In May 2016, the Commodity Futures Trading Commission (CFTC)
proposed an amendment to a 2013 order concerning regional
transmission organization (RTO) and independent system operator
(ISO) organized electric markets that would allow private
plaintiffs to bring lawsuits for fraud and market manipulation
under the Commodity Exchange Act (CEA). As we previously
explained,1 the proposal would have had profound
implications for all RTO and ISO market participants. Most directly
and immediately, the proposal would have significantly increased
litigation risk for market participants by allowing private
plaintiffs to bring fraud and market manipulation claims with
respect to conduct occurring in FERC-regulated2
organized electric markets—seemingly inconsistent with
Congress' intent in prohibiting such private claims from being
brought under the FERC-administered Federal Power Act (which
contains similar fraud and market manipulation prohibitions). But
the proposal had many other potential consequences, including
regulatory uncertainty that could be caused by CEA claims based on
conduct that complied with applicable FERC regulations and market
rules. As explained below, it now appears that the CFTC is not
likely to adopt the proposal.
While the CFTC likely expected the proposal to garner opposition
from some segments of industry, the agency probably did not
anticipate how widespread and forceful the opposition would
be—especially from Congress. The comments received in response to the proposal
reflect significant opposition from a wide range of stakeholders,
including traditional utilities, merchant generators and traders,
the public power sector, the ISOs and RTOs, and consumer
representatives. In addition, FERC staff and the Public Utility
Commission of Texas (PUCT) both opposed the proposal. The proposal
also raised concerns in both houses of Congress. On June 24, 2016,
the Chairman and Ranking Member of the House Committee on Energy
and Commerce sent a letter to CFTC Chairman Massad expressing
concerns about the proposal and requesting a briefing on it. On
September 1, 2016, the Chairmen and Ranking Members of both the
Senate Committee on Energy and Natural Resources and the Senate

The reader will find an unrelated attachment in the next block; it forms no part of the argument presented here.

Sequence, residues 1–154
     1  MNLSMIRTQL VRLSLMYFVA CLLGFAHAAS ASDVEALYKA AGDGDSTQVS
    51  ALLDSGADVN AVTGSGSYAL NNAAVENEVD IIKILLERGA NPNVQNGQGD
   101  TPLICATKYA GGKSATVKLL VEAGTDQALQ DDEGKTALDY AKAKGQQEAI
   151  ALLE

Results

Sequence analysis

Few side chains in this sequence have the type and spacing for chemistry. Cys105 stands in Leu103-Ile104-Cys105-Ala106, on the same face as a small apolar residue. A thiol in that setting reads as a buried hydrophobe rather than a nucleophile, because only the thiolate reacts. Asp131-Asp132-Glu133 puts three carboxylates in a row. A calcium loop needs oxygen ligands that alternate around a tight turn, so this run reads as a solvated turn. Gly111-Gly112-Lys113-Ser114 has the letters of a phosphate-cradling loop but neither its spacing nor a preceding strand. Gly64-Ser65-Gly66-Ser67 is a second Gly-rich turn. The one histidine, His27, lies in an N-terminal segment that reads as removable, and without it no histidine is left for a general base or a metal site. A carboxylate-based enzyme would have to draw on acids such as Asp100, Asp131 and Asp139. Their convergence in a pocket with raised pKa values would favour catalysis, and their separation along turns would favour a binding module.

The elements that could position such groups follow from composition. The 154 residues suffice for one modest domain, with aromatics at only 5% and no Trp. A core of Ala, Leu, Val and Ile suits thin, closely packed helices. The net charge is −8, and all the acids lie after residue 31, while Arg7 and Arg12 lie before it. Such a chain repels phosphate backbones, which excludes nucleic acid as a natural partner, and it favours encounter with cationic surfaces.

Committee on Agriculture, Nutrition and Forestry wrote to CFTC Chairman Massad expressing
similar concerns. In April, prior to the CFTC issuing the proposal,
but while it was considering the same issue in connection with one
particular RTO market, Sen. Boozman (who serves as Chairman of the
Senate Appropriations Committee's Subcommittee on Financial
Services and General Government and also on the Committee on
Agriculture) included a bipartisan amendment in the Committee on
Agriculture's markup of the CFTC reauthorization bill that
would require ISO and RTO exemptions to include exemptions from
private rights of action.3
On September 13, 2016, Chairman Massad responded to these
congressional concerns in the form of a letter to Sen. Boozman, noting that,
"after careful review of the issue and comments
submitted," he "plan[ned] to recommend to the Commission
that the final order exempt RTOs and ISOs from all private rights
of action" under the CEA. Chairman Massad further noted that
he found concerns raised by commenters with respect to the
potential consequences that private actions could create within
FERC and PUCT-regulated markets to be "valid concerns."
Chairman Massad reiterated that the CFTC will retain its own
authority to pursue fraud and manipulation within ISO and RTO
The CFTC's apparent change of course is a welcome
development for ISO and RTO market participants and other
stakeholders—avoiding additional regulation and regulatory
uncertainty in the already heavily regulated organized electric
1. Our prior article discusses the relevant background,
including the CFTC's post-Dodd Frank jurisdiction over certain
ISO and RTO transactions, and how the CFTC has exempted ISO and RTO
transactions from many of the requirements of the CEA.
2. One organized electric market covered by the proposal,
ERCOT, is subject to regulation by the PUCT rather than
3. Although the CFTC, at the time, had not yet issued the
proposed amendment to the 2013 ISO/RTO exemption order, as
discussed in our prior
article, it was considering the same issue in connection with
an exemption requested by Southwest Power Pool—an RTO that
was not subject to the 2013 exemption order.
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